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FOMC minutes show strong bias toward early taper of QE


Minutes of the Federal Reserve's last policy board meeting released Wednesday showed a significant bias toward winding up the QE stimulus program before the mid-2014 target announced by Fed chief Ben Bernanke.

But the Federal Open Market Committee was still largely focused on the pace of reducing unemployment, the minutes showed, amid increased speculation over when the $85 billion-a-month bond-buying program will be drawn down.

"About half" of the participants in the June 18-19 FOMC meeting thought the QE stimulus program should be wound up by the end of this year, the minutes said.

Yet, it noted, "many members indicated that further improvement in the outlook for the labor market would be required" before reducing in the asset purchases would be merited.

The minutes showed the committee remained divided on the trajectory of its key policy for helping the economy, the quantitative-easing bond purchases that aim to hold down longer-term interest rates.

But the split was not a big one, over a matter of just about six months: ending the program by the end of this year, or, as Bernanke forecast after the meeting, by the middle of 2014.

The minutes showed the policy makers were particularly concerned about the market speculation and possible misinterpretation over what the central bank would do with monetary policy, with bond yields having shot up a full one percentage point in the six weeks before the meeting.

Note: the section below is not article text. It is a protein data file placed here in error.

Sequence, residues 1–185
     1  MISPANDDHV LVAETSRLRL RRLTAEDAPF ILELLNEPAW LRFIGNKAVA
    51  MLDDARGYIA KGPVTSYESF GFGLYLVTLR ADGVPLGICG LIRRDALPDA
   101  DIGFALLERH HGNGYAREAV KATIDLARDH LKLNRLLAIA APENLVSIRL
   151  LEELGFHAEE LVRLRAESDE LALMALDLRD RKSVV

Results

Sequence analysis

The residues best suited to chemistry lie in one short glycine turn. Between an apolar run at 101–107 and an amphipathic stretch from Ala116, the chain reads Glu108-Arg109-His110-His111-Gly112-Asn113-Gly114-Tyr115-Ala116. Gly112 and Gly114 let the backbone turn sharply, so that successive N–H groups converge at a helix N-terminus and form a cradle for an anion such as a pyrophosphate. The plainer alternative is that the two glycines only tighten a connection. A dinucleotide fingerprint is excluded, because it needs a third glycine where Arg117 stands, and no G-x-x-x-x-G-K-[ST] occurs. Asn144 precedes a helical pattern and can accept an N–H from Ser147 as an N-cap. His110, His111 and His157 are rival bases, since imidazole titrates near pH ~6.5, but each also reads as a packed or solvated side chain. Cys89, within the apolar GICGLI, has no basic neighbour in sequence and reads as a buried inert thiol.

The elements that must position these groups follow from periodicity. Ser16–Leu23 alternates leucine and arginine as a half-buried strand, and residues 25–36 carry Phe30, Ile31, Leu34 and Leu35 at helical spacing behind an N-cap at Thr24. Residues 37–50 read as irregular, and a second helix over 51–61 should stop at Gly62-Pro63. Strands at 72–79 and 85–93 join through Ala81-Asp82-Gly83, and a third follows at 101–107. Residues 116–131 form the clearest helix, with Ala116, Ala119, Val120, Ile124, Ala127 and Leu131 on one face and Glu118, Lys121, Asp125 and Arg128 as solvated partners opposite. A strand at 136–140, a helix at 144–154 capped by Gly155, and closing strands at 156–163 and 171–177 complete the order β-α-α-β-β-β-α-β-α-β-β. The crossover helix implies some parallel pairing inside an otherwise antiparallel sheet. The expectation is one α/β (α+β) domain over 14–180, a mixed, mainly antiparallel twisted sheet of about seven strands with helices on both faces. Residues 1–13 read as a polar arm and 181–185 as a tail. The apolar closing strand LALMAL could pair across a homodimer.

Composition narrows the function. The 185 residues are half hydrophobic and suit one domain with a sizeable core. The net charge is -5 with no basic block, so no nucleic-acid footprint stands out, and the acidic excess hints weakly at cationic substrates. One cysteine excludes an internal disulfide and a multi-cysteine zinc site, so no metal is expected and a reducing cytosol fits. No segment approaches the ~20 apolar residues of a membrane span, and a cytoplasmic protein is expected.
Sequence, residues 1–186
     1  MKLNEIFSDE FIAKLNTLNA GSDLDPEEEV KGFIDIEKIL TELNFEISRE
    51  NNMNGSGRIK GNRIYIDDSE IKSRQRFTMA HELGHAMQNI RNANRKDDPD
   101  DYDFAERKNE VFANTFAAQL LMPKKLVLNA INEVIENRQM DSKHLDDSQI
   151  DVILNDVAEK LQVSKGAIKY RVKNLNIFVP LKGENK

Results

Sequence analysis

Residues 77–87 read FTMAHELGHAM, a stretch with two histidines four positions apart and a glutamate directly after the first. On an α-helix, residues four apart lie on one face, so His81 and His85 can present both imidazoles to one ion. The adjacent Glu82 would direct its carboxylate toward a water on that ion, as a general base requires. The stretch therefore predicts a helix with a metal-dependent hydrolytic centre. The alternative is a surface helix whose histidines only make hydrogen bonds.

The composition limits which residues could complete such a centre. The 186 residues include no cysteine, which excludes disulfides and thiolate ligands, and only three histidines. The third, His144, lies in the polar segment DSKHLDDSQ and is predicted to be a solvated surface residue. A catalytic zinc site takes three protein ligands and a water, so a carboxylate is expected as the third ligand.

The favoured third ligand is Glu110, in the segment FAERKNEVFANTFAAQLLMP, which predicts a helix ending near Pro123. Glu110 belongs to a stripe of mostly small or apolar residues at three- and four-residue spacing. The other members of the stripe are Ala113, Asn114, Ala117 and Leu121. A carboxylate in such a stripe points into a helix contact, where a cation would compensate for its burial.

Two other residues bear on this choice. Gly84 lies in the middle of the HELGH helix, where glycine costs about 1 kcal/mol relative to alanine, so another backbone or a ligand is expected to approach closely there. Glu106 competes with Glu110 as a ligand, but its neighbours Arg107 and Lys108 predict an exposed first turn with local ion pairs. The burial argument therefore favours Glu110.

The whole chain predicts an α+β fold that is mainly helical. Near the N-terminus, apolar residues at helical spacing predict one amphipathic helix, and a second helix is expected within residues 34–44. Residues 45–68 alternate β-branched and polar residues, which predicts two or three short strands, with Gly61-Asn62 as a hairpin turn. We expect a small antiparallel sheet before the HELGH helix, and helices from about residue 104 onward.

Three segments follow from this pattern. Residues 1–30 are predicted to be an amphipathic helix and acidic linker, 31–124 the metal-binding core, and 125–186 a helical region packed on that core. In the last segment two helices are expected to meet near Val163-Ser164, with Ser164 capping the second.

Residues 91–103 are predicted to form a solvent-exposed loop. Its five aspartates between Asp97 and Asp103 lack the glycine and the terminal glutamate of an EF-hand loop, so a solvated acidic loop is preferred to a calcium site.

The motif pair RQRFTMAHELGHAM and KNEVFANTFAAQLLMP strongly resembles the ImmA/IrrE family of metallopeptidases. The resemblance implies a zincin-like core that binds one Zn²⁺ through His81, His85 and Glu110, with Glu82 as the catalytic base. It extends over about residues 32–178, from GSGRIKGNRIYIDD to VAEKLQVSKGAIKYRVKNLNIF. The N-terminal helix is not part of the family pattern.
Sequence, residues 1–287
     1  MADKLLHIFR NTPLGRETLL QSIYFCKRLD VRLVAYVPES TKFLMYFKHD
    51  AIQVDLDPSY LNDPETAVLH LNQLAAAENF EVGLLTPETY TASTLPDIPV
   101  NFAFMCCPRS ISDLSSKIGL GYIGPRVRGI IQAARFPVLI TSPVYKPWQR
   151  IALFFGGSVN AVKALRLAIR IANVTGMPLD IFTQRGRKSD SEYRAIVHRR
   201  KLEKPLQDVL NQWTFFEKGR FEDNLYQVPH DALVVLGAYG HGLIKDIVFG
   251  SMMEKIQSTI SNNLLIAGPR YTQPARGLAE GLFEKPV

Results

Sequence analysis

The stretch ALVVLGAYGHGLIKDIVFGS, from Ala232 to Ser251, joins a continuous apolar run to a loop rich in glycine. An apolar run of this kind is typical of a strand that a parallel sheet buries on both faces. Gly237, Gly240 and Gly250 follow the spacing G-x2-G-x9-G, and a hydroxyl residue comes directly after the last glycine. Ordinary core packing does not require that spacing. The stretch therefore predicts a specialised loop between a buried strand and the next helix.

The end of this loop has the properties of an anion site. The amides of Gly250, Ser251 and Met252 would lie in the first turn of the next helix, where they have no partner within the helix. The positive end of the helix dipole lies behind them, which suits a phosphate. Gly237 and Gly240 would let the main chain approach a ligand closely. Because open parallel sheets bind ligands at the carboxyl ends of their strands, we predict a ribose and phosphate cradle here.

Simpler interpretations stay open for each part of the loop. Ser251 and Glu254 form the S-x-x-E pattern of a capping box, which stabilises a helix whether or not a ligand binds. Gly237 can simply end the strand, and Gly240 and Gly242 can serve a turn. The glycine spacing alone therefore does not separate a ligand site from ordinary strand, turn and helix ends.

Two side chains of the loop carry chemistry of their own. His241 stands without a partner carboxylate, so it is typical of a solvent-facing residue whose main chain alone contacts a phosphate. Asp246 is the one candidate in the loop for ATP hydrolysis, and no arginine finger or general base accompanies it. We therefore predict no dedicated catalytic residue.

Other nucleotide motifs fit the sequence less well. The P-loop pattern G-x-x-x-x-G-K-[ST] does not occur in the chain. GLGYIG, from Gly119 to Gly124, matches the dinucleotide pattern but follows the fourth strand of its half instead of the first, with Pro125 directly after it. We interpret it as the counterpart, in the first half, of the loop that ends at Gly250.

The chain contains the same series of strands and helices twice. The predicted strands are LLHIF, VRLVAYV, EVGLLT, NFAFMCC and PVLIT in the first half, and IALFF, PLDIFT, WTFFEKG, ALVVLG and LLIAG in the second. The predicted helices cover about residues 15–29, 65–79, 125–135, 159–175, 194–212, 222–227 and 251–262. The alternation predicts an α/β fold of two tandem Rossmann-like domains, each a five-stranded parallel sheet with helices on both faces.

There was much discussion stressing the need for Bernanke to emphasize that any QE tapering depended on the economy continuing to improve steadily in line with FOMC forecasts.

But a growing minority on the panel were also arguing for an early tightening of monetary policy to keep any potential inflationary pressures under control, after five years of the Fed's easy-money stance.

While most of the central bank's policy makers say it should stick to its ultra-low interest rate policy through 2015, four thought the benchmark federal funds rate should be increased this year or next year.

Three of those four believed the FOMC needs to act "relatively soon" in order to keep a control on possible inflation.